Gay Muslims are media-sexy these days, especially since Omar Mateen opened fire on a gay nightclub in Orlando in June. With its feature on the annual Inner Circle retreat in South Africa, the Religion News Service avidly joins the journalism pack.
Typical of many social-issues articles these days -- as with The Associated Press on Russia's expulsion of a pro-gay missionary -- the piece is written entirely from the viewpoint of the subjects. Not only about what they think, but how they feel, how they perceive non-gay society, how they interpret their holy texts.
In other words, the story covers one side of a debate and one side only. Example:
Cape Town-based Imam Muhsin Hendricks founded The Inner Circle 20 years ago in his garage as a safe space for queer Muslims. He now sees the annual gathering as a refuge for those who feel ostracized by LGBT communities because of their Muslim faith and shunned by Muslim communities because of their sexual orientations or gender identities.
"Tomorrow will be very emotional," Hendricks said before the closing ceremony at the end of a busy week. "People are already suffering withdrawal symptoms and separation anxiety because now they have to go back to these horrible contexts, and here was such a beautiful space of acceptance and love. They’re going to miss that."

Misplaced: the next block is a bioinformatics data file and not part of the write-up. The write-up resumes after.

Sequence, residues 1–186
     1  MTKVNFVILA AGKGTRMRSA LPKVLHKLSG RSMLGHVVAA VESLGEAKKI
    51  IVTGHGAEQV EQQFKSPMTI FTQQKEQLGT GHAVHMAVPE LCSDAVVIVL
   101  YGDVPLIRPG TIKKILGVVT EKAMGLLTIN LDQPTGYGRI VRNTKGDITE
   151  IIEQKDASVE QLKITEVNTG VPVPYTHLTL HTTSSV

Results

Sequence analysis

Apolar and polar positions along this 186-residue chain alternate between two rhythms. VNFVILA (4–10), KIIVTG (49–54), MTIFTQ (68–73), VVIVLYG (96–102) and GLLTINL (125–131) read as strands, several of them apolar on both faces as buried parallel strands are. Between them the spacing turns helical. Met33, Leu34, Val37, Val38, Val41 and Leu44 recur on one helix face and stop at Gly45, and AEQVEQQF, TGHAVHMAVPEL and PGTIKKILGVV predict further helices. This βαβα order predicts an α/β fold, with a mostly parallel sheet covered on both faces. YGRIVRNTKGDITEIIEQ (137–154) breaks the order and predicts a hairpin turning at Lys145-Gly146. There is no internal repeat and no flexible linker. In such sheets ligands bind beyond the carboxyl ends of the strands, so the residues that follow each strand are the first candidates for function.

The "beautiful space" Hendricks cultivates each year has much to do with the scenery and camaraderie, but also with the legal and social environment in which the retreat is held.
The Inner Circle gathered 125 LGBT Muslims and their allies from around Africa. They talk out anxieties, analyze issues and share ideas for coping. They sprinkle their quotes with terms like Islamophobia, homophobia, transphobia, xenophobia, patriarchy and "hate agenda." They prefer the term "queer," although the article never really says why.
Also, they discuss their feelings of separation from Muslim societies in their homelands, trying to shield themselves from discrimination, says RNS:
These separations have proved emotionally and spiritually draining for many participants at the retreat.
"Most of us are wounded healers," Hendricks said. "There was lots of anger at the beginning of this year, people sitting with their pain. We needed to address how we relate to that pain and manage it, how we relinquish control to God and move beyond identity labels and divisions."
The 1,300-word feature isn’t totally bare of facts. "Around 800,000 Muslims make up 1.5 percent of South Africa’s total population," RNS reports. It adds that the nation's Dutch Reformed Church allows same-sex unions, but most Christian congregations in South Africa do not.
Nor, of course, do most Muslim communities. That is a rather important issue in the story, one would think.
Why no same-sex unions for Muslims? No answer.
How do religious leaders in traditional religious groups answer the concerns voiced by the retreat attendees? Same answer, as in no answer -- because it does not appear that this question was asked to an source that could provide an authoritative answer from that perspective.